I have a 2003 986S with 100k miles and the sport design wheels. Wheels are a royal pain to keep clean, and over the years the wheels have aged. I had the car detailed last year and the guy did what seemed like a great job. But being a multi-part wheel there was a problem. He had to use a very strong (acidic?) cleaner to get the grime off the wheels and failed to get all of it rinsed off. The next day I went out to the car and on each wheel the finish was peeling at the 6 o'clock position on every wheel. My guess is that there was enough residual cleaner that seeped out over night and ate the finish

I know I can get the wheels refinished but these are the multi-part wheels that (I believe) should be disassembled so that liquids are not trapped behind the seam where the two parts are joined togehter

The car is 13 years old so I suspect that a full refinish is not worth it.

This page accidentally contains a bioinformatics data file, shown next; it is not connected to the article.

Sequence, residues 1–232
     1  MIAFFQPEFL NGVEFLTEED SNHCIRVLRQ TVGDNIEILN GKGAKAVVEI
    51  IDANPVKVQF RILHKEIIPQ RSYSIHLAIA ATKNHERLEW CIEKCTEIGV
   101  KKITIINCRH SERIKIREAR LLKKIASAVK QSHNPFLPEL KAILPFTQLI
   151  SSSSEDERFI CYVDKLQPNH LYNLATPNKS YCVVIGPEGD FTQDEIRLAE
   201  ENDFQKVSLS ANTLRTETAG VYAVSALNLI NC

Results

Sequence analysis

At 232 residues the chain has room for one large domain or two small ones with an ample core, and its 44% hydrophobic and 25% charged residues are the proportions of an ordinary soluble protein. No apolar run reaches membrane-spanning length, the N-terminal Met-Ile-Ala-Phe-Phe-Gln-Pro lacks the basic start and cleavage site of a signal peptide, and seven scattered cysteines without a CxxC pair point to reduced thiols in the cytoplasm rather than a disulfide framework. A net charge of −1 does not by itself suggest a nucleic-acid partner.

So I am considering the following. The perimeter sections are where the finish is worst. I would mask off the perimeter and sand them. But my question is on how I refinish these sections I sanded. Is the finish just a clear coat? Could I do an adequate job with a rattle can? I'm not willing to disassemble the wheels

Thoughts?
Anybody ever done this?
What does a full refinish cost?
Anybody have a positive experience with a wheel shop in DC area?
I would have the SS rim bands polished 1st to remove the staining.
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Old 08-29-2016, 12:16 AM   #8
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Hello,